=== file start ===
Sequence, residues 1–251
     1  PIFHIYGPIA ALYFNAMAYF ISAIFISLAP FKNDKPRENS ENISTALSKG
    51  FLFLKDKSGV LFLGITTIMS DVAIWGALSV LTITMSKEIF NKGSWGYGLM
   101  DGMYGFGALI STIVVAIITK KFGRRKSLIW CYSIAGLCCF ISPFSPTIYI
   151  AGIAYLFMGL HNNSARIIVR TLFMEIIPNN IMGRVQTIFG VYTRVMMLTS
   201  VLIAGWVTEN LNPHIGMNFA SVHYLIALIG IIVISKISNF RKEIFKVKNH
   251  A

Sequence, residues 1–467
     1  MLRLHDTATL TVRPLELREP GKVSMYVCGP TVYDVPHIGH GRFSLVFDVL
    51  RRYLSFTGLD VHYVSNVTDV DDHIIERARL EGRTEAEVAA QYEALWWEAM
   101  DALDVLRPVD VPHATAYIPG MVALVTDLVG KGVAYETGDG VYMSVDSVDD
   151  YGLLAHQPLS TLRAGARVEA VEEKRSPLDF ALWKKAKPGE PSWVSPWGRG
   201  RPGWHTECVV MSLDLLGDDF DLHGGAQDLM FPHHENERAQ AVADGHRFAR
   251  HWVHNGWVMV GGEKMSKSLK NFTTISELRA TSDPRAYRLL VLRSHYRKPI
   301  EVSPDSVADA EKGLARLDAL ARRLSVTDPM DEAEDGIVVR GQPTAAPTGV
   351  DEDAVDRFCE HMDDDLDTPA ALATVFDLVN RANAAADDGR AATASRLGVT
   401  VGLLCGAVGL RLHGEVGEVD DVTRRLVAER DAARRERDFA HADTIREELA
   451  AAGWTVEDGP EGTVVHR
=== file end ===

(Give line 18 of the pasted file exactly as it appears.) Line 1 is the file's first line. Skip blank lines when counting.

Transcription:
   451  AAGWTVEDGP EGTVVHR